The Department of Climate Change and Meteorological Services (DCCMS) says most areas across the country's regions are likely to experience a wave of scattered to widespread rains with thunderstorms starting from the south, Monday 18, which would progress northwards for the rest of the week days.
In a statement issued on Sunday, Director of DCCMS, Jolamu Nkhokwe said the rains would be locally heavy over the southern and central regions.
"This is due to the passage of Inter-Tropical Convergence Zone boosted by heating during sunny intervals and lifting of airflow over high ground.
"A significant reduction of rainfall activities is expected to follow on Friday over the south," he stated.
Nkhokwe said the expected rainfall would cause localized disruption of outdoor activities across the country.
"People are therefore advised to continue taking preventive measures such as being indoors, avoiding playing on an open ground, seeking shelter under trees, moving in rains and physical interaction with electrical appliances whenever thunderstorms occur within the vicinity to avoid being struck by lightning and being electrocuted.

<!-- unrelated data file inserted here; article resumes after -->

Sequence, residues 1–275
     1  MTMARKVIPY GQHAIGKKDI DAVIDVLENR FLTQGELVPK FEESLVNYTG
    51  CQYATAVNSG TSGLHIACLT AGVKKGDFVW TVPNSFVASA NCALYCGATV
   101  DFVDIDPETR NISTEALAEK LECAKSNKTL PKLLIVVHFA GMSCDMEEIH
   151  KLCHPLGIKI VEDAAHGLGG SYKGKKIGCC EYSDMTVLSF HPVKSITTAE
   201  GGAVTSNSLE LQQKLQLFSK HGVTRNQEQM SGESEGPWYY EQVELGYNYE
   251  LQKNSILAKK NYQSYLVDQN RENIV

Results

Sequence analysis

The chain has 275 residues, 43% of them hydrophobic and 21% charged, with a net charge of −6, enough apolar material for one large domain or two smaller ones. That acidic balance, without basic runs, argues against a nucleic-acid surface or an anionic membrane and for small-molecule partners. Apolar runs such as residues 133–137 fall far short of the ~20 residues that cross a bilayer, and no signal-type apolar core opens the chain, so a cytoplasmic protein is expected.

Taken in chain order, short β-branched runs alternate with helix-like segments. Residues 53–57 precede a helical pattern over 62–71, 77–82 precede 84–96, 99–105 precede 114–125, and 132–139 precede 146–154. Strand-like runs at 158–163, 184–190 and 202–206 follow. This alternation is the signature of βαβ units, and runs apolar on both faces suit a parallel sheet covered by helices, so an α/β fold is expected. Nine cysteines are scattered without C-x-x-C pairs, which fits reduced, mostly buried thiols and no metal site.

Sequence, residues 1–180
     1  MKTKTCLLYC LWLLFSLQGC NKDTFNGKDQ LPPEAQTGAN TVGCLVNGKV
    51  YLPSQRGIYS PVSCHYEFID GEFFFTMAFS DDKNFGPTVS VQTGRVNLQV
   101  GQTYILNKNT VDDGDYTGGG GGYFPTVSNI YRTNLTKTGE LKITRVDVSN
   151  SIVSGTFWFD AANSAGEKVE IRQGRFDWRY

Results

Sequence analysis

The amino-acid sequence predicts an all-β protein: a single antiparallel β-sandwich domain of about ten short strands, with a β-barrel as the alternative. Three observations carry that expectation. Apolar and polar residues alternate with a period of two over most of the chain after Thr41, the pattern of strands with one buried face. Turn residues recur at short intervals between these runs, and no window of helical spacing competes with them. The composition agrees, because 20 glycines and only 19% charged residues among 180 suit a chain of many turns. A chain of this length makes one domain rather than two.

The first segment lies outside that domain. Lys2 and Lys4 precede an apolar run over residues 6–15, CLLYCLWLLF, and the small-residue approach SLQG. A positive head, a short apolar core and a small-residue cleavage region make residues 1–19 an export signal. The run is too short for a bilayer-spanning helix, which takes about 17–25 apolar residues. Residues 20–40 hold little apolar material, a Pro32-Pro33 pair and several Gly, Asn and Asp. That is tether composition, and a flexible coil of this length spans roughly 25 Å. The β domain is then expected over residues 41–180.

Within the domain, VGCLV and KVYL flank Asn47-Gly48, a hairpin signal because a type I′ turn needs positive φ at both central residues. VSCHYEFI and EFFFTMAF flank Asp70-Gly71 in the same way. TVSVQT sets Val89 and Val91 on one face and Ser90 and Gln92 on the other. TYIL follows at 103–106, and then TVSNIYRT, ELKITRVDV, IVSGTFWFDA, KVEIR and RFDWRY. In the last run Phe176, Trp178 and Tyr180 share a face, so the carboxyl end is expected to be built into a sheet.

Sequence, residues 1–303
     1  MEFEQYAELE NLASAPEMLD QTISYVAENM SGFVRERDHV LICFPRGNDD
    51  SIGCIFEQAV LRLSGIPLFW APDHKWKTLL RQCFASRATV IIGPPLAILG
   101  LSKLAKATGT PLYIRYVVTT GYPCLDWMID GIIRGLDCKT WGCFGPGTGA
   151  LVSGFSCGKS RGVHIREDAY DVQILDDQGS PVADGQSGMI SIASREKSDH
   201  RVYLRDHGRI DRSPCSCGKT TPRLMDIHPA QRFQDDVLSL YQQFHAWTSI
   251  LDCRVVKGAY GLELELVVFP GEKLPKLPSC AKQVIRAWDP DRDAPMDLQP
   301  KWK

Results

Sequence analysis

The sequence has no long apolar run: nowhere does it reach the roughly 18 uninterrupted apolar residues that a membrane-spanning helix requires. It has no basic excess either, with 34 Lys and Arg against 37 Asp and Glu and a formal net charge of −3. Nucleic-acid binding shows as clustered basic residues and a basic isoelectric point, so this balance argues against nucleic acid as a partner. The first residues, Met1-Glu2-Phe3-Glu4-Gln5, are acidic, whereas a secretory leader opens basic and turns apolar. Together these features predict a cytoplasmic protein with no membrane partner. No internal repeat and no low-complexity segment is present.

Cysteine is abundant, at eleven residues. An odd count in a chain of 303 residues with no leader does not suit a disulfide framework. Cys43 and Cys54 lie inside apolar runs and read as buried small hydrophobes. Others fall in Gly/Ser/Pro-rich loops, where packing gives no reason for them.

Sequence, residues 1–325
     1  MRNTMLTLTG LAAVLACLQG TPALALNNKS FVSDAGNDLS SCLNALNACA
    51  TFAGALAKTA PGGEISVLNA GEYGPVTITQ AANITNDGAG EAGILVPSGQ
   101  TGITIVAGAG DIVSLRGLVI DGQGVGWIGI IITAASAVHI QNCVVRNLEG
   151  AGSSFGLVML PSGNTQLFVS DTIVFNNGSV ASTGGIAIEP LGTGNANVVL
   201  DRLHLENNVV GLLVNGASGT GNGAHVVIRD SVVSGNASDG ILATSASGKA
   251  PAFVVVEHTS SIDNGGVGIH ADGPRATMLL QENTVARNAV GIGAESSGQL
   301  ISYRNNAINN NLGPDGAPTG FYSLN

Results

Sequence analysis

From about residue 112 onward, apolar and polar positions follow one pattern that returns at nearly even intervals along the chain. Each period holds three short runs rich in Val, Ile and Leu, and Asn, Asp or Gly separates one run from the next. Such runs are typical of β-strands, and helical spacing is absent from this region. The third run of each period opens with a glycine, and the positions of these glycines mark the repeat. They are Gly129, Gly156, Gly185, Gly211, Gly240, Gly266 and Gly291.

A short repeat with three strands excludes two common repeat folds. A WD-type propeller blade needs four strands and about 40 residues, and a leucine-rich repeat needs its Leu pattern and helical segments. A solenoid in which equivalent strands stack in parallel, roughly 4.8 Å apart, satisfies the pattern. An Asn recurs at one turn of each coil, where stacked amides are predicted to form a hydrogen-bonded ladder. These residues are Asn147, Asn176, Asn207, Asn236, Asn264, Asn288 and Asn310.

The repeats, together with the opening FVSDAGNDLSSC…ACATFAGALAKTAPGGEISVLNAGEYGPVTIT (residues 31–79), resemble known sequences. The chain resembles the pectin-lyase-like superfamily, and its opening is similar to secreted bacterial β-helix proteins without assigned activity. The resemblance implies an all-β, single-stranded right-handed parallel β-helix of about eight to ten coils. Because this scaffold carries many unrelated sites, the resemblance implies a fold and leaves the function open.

"Motorists, particularly on earth roads should slow down at the sign of rain as the road surfaces become more muddy and slippery due to loss of friction during and after rainfall. At night and morning hours, they should exercise caution due to reduced visibility caused by the occurrence of fog in prone areas," Nkhokwe said.
Nkhokwe added that with climate change, disasters such as floods and dry spells due to heavy and lack of rainfall respectively, are now becoming most frequent and wide-spread in the country.
"The public is thus encouraged to plant and manage more trees to enhance reduction of future disasters and preserve soil.
"The grown trees will later act as wind breaks during strong winds. Also, the trees will help in bringing more rain by adding more moisture to the already existing moisture in the atmosphere," he said.
Nkhokwe said DCCMS was closely monitoring weather developments including tropical cyclone formation in the Indian Ocean which could directly or indirectly affect weather over the country.